Macroeconomics I


Course Objective

The overal goals of the course are to provide a familiarity with the
basic concepts of macro economics, including national income, economic
growth, inflation, unemployment, and fiscal and monetary policy.

After successful completion of this course:
- you will be able to generate academic questions from empirical
observation (Academic Skills);
- find relevant data in sources such as Statline, Eurostat, ECB, World
Bank, etc, and manipulate and analyse these data (Academic Skills);
- you will be able to make calculations on inflation (CPI) or economic
growth (Academic Skills, Bridging Theory and Practice - Application)
- you will be able to explain the roal of economic institutions and
organisations such as Netherlands Bureau for Economic Policy Analysis
(CPB) or the European Central Bank (ECB) (Bridging Theory and Practice
- Application, Broadening Your Horizon)

Course Content

This course concerns the functioning of the economy as a whole, at times
for a single country and at times for countries in an international
context. The course starts with a description of basic macroeconomic
concepts both from a theoretical and empirical point of view. An
introduction to money and banking expands the field of study to monetary
economics. Next, the course addresses the real side of the macro economy
and shows the circular flow of production factors and final goods
between households and firms. A basic model of income determination and
a basic model of real economic growth follow. Next, the real and
monetary sides of the macro economy are joined to provide a basic model
of business cycles to jointly study fluctuations in (un-)employment and
inflation. Finally, the course initiates an analysis of fiscal and
monetary policy, in a European and international context. The course
maintains links with current events and policy questions of pressing

Following a quarter century of steady economic growth, falling
unemployment rates and low inflation, the advanced economies received in
2008 the largest economic shock since the great depression of the 1930s.
What were the origins of the crisis? Was it mostly a failure of
regulation or are such crisis inevitable feature of market-based macro
economies? Are we already witnessing the origins of the next crisis?

In this course we build upon material from the course Microeconomics I,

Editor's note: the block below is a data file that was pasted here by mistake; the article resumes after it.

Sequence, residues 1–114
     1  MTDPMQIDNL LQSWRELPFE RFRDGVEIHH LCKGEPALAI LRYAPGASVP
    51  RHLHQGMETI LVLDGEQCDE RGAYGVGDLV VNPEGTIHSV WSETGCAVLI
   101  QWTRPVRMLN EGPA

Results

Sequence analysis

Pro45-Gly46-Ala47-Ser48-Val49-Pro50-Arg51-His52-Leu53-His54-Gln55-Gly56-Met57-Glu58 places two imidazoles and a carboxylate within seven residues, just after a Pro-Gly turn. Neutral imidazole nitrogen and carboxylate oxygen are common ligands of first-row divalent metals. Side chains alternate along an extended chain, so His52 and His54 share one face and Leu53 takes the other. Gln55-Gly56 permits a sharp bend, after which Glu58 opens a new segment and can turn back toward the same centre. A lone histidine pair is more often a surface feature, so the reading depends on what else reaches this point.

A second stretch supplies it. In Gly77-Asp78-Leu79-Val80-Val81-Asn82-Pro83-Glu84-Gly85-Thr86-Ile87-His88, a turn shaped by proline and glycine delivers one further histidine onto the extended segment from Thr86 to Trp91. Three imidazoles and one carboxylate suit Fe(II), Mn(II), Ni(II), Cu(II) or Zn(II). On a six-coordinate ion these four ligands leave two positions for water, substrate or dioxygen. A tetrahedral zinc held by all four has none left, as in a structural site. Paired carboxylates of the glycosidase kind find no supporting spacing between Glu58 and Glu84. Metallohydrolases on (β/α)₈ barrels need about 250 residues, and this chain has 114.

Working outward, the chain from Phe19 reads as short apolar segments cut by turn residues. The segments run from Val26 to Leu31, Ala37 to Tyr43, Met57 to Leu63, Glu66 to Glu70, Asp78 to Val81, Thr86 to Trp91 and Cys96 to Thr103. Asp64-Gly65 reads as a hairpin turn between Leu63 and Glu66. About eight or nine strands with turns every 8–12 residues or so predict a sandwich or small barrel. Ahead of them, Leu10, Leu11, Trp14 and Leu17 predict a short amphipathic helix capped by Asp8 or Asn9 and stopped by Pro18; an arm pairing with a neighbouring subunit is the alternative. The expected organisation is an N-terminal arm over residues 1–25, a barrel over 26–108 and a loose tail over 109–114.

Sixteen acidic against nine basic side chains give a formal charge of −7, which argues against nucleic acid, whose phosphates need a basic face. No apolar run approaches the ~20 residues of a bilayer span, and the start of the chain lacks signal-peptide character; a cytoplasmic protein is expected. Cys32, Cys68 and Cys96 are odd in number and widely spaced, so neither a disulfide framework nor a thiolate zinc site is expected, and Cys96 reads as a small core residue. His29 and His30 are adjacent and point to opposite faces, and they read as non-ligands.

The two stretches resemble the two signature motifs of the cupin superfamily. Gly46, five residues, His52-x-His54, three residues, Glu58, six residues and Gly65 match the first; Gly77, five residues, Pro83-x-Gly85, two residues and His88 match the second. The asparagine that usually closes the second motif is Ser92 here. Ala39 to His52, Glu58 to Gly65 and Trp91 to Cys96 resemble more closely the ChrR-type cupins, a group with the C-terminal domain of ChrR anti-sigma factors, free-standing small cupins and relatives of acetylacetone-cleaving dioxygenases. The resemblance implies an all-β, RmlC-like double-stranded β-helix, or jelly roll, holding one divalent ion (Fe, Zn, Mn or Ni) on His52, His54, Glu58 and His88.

and we study the developments of aggregate economic growth, of business
cycles in employment, consumption, investment and trade, and we consider
the joint movements of inflation, exchange rates, monetary aggregates
and financial indicators. We also look at national income accounts as a
means of reporting on macroeconomic developments using concepts that
also appear in the course Accounting I. Further, macroeconomic
indicators such as interest rates, exchanges rates and economic growth
are important factors for business decisions that are discussed in other
first-year courses such as Marketing and Finance.

Teaching Methods


Method of Assessment

Final Exam (individually assessment)
Weekly Problem Sets (individually assessment)

Entry Requirements



- Mankiw, N.G. and M.P. Taylor (2014), Macroeconomics, European Edition
(second edition), W.H. Freeman & Co Ltd.(ISBN-13: 978-1464141775).
- supplemented with online material

Target Audience

The course is intended for students of EBE, but could be of interest to
Bachelor students of any faculty.

Recommended background knowledge

Economic Challenges, Quantitative Research Methods I and Microeconomics

General Information

Course Code E_EBE1_MACEC
Credits 6 EC
Period P4
Course Level 100
Language of Tuition English
Faculty School of Business and Economics
Course Coordinator prof. dr. E.J. Bartelsman
Examiner prof. dr. E.J. Bartelsman
Teaching Staff dr. D.A.R. Bonam

Practical Information

You need to register for this course yourself

Last-minute registration is available for this course.

Teaching Methods Study Group, Lecture, Instruction course
Target audiences

This course is also available as: